2.50
Hdl Handle:
http://hdl.handle.net/10755/159472
Type:
Presentation
Title:
Behaviors of Nurses Who Immunize Children
Abstract:
Behaviors of Nurses Who Immunize Children
Conference Sponsor:Midwest Nursing Research Society
Conference Year:2002
Author:Stenvig, Thomas, MPH/MSPH
P.I. Institution Name:South Dakota State University
Title:Associate Professor
Contact Address:College of Nursing, PO Box 2275A 345, Brookings, SD, 57007-0098, USA
Contact Telephone:605.688.6652
This study examined the behaviors of nurses who immunize children as a factor affecting immunization coverage for prevention of vaccine-preventable diseases. Ajzen's (1985) theory of planned behavior was used to construct an instrument named the Nurses' Childhood Immunization Belief Questionnaire (NCIBQ). A mail survey approach was used to distribute the NCIBQ to 316 randomly selected nurses who immunize children in South Dakota following Dillman's (1978) total design method, yielding 261 completed surveys for an 84% response rate. Multiple regression analysis showed behavioral intention was a significant determinant of behavior (p=.000), perceived behavioral control was positively correlated with behavioral intention (p=.000) and a major predictor of immunizing behavior (p=.001). A positive correlation was found between respondents' immunizing behavior and age (p=.042), education (p <=.001), and professional certification (p < .015). Nurses in public settings were more able to follow accepted vaccine recommendations than those in private settings (p < .01). RNs were also more likely than LPNs to follow recommendations (p=.043), as were nurses with five facilitators to immunization present, including audits, standing orders, the AAP "Red Book", the Standards for pediatric immunization practices, and WIC linkage (p < .05). Respondents identified a variety of interventions to relieve discomfort from vaccine injections. Missed opportunities to immunize were evident in responses to each of four case scenarios. Although nurses with more education were more successful at correctly identifying age-appropriate vaccines (p < .05), inappropriate vaccine choices were common. Findings have several important implications for nursing practice, education, and research.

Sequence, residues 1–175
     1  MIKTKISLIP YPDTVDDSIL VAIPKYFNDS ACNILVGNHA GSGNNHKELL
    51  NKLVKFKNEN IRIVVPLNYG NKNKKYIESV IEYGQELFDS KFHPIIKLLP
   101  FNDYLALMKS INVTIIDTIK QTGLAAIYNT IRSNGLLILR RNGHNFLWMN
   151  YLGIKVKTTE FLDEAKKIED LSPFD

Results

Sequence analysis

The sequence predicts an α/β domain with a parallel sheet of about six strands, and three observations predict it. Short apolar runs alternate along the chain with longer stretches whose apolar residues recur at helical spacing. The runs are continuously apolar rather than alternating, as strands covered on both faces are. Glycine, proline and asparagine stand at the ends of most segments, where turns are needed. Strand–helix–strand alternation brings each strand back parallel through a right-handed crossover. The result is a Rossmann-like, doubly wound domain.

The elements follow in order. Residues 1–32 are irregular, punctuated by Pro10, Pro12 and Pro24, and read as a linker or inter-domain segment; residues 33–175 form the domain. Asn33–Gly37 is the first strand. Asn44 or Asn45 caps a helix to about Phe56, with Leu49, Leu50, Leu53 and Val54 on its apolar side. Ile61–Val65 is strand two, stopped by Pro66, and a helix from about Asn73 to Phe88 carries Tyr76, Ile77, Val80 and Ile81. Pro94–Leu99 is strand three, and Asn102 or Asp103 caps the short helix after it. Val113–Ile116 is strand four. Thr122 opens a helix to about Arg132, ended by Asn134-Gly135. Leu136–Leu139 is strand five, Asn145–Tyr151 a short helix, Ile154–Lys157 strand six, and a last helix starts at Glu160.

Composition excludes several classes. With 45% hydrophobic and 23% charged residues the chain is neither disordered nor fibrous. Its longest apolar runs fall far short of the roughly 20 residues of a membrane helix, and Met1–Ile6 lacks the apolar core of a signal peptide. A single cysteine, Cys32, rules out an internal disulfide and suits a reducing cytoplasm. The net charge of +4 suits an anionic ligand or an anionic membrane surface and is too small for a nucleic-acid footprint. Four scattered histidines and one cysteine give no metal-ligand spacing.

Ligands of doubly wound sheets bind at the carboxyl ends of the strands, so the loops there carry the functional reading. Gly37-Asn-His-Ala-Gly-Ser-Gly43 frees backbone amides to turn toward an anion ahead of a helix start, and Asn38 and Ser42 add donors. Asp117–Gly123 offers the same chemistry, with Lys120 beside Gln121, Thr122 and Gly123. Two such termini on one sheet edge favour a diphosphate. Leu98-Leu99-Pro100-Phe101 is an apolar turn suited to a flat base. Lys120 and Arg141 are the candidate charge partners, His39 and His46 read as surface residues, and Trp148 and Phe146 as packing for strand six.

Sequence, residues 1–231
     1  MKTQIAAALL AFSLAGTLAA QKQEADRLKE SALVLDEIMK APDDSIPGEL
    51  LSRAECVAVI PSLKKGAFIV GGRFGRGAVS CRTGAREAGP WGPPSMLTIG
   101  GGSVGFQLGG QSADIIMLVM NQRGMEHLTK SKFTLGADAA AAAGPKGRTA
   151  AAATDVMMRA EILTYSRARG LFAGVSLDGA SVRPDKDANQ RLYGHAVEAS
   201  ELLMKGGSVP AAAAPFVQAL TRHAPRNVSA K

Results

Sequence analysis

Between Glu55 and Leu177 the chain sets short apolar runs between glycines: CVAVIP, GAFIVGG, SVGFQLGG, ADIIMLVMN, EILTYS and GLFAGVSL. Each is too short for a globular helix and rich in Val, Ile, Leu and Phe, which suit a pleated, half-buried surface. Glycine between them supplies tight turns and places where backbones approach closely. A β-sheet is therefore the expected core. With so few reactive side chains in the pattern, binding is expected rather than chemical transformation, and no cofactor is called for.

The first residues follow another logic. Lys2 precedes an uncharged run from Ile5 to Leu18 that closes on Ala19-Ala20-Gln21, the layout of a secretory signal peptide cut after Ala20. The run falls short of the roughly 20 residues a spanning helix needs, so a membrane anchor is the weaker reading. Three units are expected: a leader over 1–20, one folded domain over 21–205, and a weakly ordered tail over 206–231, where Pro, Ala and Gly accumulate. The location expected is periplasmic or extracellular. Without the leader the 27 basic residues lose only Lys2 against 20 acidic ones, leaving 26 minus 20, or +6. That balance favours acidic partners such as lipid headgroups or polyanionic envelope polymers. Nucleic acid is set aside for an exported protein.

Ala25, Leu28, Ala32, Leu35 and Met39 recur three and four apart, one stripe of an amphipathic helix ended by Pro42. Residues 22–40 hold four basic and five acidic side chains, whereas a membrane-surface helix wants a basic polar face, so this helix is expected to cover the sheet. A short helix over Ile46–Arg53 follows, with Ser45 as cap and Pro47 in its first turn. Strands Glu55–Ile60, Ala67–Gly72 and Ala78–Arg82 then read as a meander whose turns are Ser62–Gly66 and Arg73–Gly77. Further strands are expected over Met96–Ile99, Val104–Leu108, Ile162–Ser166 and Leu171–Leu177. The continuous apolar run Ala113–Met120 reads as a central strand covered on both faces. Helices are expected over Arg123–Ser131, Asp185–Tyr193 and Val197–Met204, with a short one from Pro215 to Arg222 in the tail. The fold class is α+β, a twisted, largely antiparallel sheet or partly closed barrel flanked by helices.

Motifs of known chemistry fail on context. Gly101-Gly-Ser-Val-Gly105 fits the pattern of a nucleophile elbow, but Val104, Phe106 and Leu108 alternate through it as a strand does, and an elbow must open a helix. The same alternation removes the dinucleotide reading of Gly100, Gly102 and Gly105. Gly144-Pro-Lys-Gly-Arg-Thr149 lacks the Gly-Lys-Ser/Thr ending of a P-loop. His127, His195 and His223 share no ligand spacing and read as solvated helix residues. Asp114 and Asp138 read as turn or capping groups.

Repository Posting Date:
26-Oct-2011
Date of Publication:
17-Oct-2011
Sponsors:
Midwest Nursing Research Society

Full metadata record

DC FieldValue Language
dc.typePresentationen_GB
dc.titleBehaviors of Nurses Who Immunize Childrenen_GB
dc.identifier.urihttp://hdl.handle.net/10755/159472-
dc.description.abstract<table><tr><td colspan="2" class="item-title">Behaviors of Nurses Who Immunize Children</td></tr><tr class="item-sponsor"><td class="label">Conference Sponsor:</td><td class="value">Midwest Nursing Research Society</td></tr><tr class="item-year"><td class="label">Conference Year:</td><td class="value">2002</td></tr><tr class="item-author"><td class="label">Author:</td><td class="value">Stenvig, Thomas, MPH/MSPH</td></tr><tr class="item-institute"><td class="label">P.I. Institution Name:</td><td class="value">South Dakota State University</td></tr><tr class="item-author-title"><td class="label">Title:</td><td class="value">Associate Professor</td></tr><tr class="item-address"><td class="label">Contact Address:</td><td class="value">College of Nursing, PO Box 2275A 345, Brookings, SD, 57007-0098, USA</td></tr><tr class="item-phone"><td class="label">Contact Telephone:</td><td class="value">605.688.6652</td></tr><tr class="item-email"><td class="label">Email:</td><td class="value">thomas_stenvig@sdstate.edu</td></tr><tr><td colspan="2" class="item-abstract">This study examined the behaviors of nurses who immunize children as a factor affecting immunization coverage for prevention of vaccine-preventable diseases. Ajzen's (1985) theory of planned behavior was used to construct an instrument named the Nurses' Childhood Immunization Belief Questionnaire (NCIBQ). A mail survey approach was used to distribute the NCIBQ to 316 randomly selected nurses who immunize children in South Dakota following Dillman's (1978) total design method, yielding 261 completed surveys for an 84% response rate. Multiple regression analysis showed behavioral intention was a significant determinant of behavior (p=.000), perceived behavioral control was positively correlated with behavioral intention (p=.000) and a major predictor of immunizing behavior (p=.001). A positive correlation was found between respondents' immunizing behavior and age (p=.042), education (p &lt;=.001), and professional certification (p &lt; .015). Nurses in public settings were more able to follow accepted vaccine recommendations than those in private settings (p &lt; .01). RNs were also more likely than LPNs to follow recommendations (p=.043), as were nurses with five facilitators to immunization present, including audits, standing orders, the AAP &quot;Red Book&quot;, the Standards for pediatric immunization practices, and WIC linkage (p &lt; .05). Respondents identified a variety of interventions to relieve discomfort from vaccine injections. Missed opportunities to immunize were evident in responses to each of four case scenarios. Although nurses with more education were more successful at correctly identifying age-appropriate vaccines (p &lt; .05), inappropriate vaccine choices were common. Findings have several important implications for nursing practice, education, and research.</td></tr></table>en_GB
dc.date.available2011-10-26T22:02:54Z-
dc.date.issued2011-10-17en_GB
dc.date.accessioned2011-10-26T22:02:54Z-
dc.description.sponsorshipMidwest Nursing Research Societyen_GB
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